Why Getting Outside Is Good for Students

By Molly Herber

Dec 4, 2015

From preschool to graduate school, getting outside is an important and fun part of any student’s life. Here are just a few reasons why:

Relieve stress

Relieve Stress Photo by Stephane Terrier.

Keeping up with assignments, studying for tests, and writing papers are stressful. Getting into the outdoors, even for just a short walk, is a great way to help your mind take a break from the deadlines and outlines.

Gain experience making real decisions

Practicing Decision-making Photo by Tracy Baynes.

In school, getting a C on a paper is no fun, but it’s not a consequence that directly affects your health and well-being (most of the time). When you’re camping, on the other hand, making a decision about whether to go over the ridge or through the marsh will have an impact on you and your group, for better or worse. Spending time in the outdoors gives you a chance to build on experiencing direct feedback on your decisions, which will help you make decisions in the frontcountry, like choosing your college or career.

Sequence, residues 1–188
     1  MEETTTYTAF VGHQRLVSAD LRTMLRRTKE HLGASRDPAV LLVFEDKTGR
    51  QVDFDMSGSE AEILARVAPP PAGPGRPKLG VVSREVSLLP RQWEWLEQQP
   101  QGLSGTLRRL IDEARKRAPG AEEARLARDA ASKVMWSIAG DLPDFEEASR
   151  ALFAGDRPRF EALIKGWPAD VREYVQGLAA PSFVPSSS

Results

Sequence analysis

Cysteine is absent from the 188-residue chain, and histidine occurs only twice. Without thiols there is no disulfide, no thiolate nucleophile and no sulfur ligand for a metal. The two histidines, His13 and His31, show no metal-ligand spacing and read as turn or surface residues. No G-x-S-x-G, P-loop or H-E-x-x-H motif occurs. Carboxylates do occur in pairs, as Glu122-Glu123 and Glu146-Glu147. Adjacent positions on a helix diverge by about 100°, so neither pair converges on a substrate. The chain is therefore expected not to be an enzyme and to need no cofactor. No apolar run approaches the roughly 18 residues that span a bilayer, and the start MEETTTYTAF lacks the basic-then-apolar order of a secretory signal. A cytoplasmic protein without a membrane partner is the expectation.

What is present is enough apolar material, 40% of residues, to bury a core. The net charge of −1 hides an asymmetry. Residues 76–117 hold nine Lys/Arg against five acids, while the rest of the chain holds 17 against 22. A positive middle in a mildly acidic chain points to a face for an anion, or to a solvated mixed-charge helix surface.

Get off the grid

Savoring the Wilderness Photo by Cass Colman.

Cell phones are awesome and the Internet is a powerful tool, but spending time away from glowing screens and instant access to information helps you appreciate the world in which you make your home. You'll also develop a different type of knowledge from interacting with that world than you would normally get in school.

Develop non-academic strengths

Learning new skills. Photo by Becca Parkinson.

Traditional schools train students to accomplish tasks within a particular scope. While these academic skills are important, it’s also important to stretch yourself and try out different ways of learning. Trying new things will help develop both your creativity and self-awareness of your strengths and areas to grow.

Build friendships and learn to work in a team

Enjoying Success as a Team Photo by Rachel Gold.

Many outdoor activities are done with partners or groups, and require you to rely on other people for both safety and fun. Being able to share a common goal and work through challenges together, whether it’s hiking a mile uphill or paddling the Amazon, builds relationships that can grow into lifelong friendships.

Take your learning outdoors a gap year with NOLS. Download our free gap year guide here.

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Written By

Molly Herber

Molly is a NOLS instructor and writer. She loves the smell of her backpack and does her best writing before 7:00 am. When she's not scouting the next post for the NOLS Blog, she's running and climbing on rocks in Wyoming. Follow her on Instagram @mgherber

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